Most CDMA systems use some form of adaptive power control. In a CDMA system, many signals share the same bandwidth. When a subscriber unit 22 1, 22 2 . . . 22 N or base station 20 1, 20 2 . . . 20 N is receiving a specific signal, all the other signals within the same bandwidth are noiselike in relation to the specific signal. Increasing the power level of one signal degrades all other signals within the same bandwidth. However, reducing TLP too far results in undesirable SNRs at the receivers 26. To maintain a desired SNR at the minimum transmission power level, adaptive power control is used.

Typically, a transmitter 24 will send a signal to a particular receiver 26. Upon reception, the SNR is determined. The determined SNR is compared to a desired SNR. Based on the comparison, a signal is sent in the reverse link to the transmitter 24, either increasing or decreasing transmit power. This is known as forward channel power control. Conversely, power control from the subscriber unit 22, to the base station 20, is known as reverse channel power control.

Amplifiers 64 1, 64 2 . . . 64 n are used for adaptive power control in FIG. 3. The amplifiers 64 1, 64 2 . . . 64 n are coupled to the inputs of the combiner 34 to individually control each signal's power level.

FIGS. 4 a, 4 b, 4 c and 4 d show a simplified illustration of three spread spectrum signals 42 1, 42 2, 42 3 and a resultant combined signal 44. Although each signal 42 1, 42 2, 42 3 is spread with a different pseudo random chip code sequence, each signal 42 1, 42 2, 42 3 is synchronous at the chipping rate. When the individual chips within the sequences are summed, the combined signal may have extreme transients 46, 48 where the chip energies combine or low transients 47 where they subtract.

High transient peaks are undesirable. For every 3 dB peak increase, twice the base amplification power in Watts is required. Not only does the transient burden the amplifier, but the power sourcing the amplifier must have a capacity greater than the maximum transient that may be expected. This is particularly undesirable in hand-held battery operated devices. Additionally, to design for higher power levels resulting from high transients, more complex amplifier circuitry is required or compromises between amplifier gain, battery life and communication time result. High valued transients force the amplifier 38 into the nonlinear region of its dynamic range resulting in increased out-of-band emissions and reduced amplifier efficiency. Accordingly, there exists a need for an adaptive RF transmitter system that addresses the problems associated with the prior art.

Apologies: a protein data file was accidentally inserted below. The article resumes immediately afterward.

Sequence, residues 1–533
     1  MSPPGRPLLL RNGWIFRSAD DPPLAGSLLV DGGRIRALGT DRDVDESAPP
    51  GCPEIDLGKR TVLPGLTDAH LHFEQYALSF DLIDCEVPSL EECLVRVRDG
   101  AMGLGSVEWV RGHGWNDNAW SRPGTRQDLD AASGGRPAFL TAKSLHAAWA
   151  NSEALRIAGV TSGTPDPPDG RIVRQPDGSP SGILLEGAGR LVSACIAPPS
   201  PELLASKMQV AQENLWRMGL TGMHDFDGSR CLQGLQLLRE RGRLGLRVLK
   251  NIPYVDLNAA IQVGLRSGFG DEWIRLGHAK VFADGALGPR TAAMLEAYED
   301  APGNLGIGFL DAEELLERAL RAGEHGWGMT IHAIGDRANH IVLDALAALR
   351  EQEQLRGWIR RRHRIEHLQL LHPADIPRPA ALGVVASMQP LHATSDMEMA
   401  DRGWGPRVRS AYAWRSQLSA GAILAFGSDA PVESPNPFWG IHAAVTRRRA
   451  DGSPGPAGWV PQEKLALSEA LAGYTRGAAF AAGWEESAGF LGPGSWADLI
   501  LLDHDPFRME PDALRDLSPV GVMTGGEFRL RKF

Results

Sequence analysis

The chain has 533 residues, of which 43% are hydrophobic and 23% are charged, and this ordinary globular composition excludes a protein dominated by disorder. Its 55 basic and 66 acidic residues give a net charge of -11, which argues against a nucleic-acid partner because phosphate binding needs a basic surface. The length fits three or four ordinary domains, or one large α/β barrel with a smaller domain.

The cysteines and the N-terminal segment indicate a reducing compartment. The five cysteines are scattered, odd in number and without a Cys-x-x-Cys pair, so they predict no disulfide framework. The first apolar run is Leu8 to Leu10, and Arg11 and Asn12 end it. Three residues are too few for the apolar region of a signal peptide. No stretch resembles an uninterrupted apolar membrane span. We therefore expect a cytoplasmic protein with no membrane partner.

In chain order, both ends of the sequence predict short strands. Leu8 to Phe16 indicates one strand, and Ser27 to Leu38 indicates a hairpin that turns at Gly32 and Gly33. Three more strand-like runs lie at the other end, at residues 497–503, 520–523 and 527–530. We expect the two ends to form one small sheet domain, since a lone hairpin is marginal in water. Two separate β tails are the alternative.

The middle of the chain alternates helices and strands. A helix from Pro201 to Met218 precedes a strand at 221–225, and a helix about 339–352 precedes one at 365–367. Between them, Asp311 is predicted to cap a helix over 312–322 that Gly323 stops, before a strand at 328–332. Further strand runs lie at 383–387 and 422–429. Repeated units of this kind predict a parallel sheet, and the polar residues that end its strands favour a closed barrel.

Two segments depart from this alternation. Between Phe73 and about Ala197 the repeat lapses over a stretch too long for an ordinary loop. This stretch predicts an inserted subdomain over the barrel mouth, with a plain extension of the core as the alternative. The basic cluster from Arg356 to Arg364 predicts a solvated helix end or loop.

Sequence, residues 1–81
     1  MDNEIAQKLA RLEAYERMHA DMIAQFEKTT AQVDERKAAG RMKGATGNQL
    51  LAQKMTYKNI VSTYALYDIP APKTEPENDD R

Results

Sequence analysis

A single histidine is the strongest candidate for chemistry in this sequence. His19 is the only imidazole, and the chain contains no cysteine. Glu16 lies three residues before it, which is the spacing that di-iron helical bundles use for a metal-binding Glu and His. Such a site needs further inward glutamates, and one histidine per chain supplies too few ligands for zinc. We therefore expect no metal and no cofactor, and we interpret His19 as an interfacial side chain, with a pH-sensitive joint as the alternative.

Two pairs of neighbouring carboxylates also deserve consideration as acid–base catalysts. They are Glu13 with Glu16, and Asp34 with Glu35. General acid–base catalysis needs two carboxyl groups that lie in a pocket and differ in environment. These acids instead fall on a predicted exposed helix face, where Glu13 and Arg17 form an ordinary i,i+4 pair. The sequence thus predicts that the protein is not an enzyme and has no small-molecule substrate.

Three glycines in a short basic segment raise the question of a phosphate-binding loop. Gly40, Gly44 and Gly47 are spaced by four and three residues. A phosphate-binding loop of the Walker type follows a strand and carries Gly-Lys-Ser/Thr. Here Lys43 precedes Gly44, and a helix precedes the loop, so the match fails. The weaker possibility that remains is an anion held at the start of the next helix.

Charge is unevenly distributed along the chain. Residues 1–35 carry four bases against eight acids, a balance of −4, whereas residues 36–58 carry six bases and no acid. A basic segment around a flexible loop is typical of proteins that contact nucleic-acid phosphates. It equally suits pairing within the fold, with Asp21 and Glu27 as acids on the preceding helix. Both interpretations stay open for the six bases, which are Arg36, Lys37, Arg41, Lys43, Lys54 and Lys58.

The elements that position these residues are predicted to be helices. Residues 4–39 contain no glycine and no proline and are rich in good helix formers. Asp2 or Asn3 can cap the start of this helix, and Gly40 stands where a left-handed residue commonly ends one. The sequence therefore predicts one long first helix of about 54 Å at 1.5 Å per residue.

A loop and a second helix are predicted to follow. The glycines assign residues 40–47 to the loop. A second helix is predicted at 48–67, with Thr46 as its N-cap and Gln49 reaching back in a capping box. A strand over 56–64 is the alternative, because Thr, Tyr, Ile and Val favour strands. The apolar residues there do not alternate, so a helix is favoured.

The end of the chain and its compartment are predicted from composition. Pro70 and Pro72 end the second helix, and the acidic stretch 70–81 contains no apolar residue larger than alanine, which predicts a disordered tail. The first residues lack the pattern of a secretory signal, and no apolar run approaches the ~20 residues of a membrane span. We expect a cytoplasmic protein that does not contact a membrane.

SUMMARY OF THE INVENTION

The invention reduces transient peaks in signals transmitted in CDMA communication systems. A plurality of spread spectrum data signals are combined into a combined signal having fluctuating power level corresponding to the combination of the data signals. The combined signal is modulated to produce an RF signal for transmission. The average power of the combined signal is measured over a selected time period. The combined signal power level is adaptively limited to a calculated power level based at least in part on the measured power.

BRIEF DESCRIPTION OF THE DRAWINGS

FIG. 1 is an illustration of a prior art CDMA system.

FIG. 2 is an illustration of a prior art CDMA transmitter and receiver.

FIG. 3 is a system block diagram of a prior art transmitter.

FIG. 4 a is an illustration of a first pseudo random chip code sequence.

FIG. 4 b is an illustration of a second pseudo random chip code sequence.

FIG. 4 c is an illustration of a third pseudo random chip code sequence.

FIG. 4 d is an illustration of the combined chip code sequences of FIGS. 4 a-4 c.

FIG. 5 is a system block diagram of an embodiment of the invention with the power measurement device coupled to the amplifier.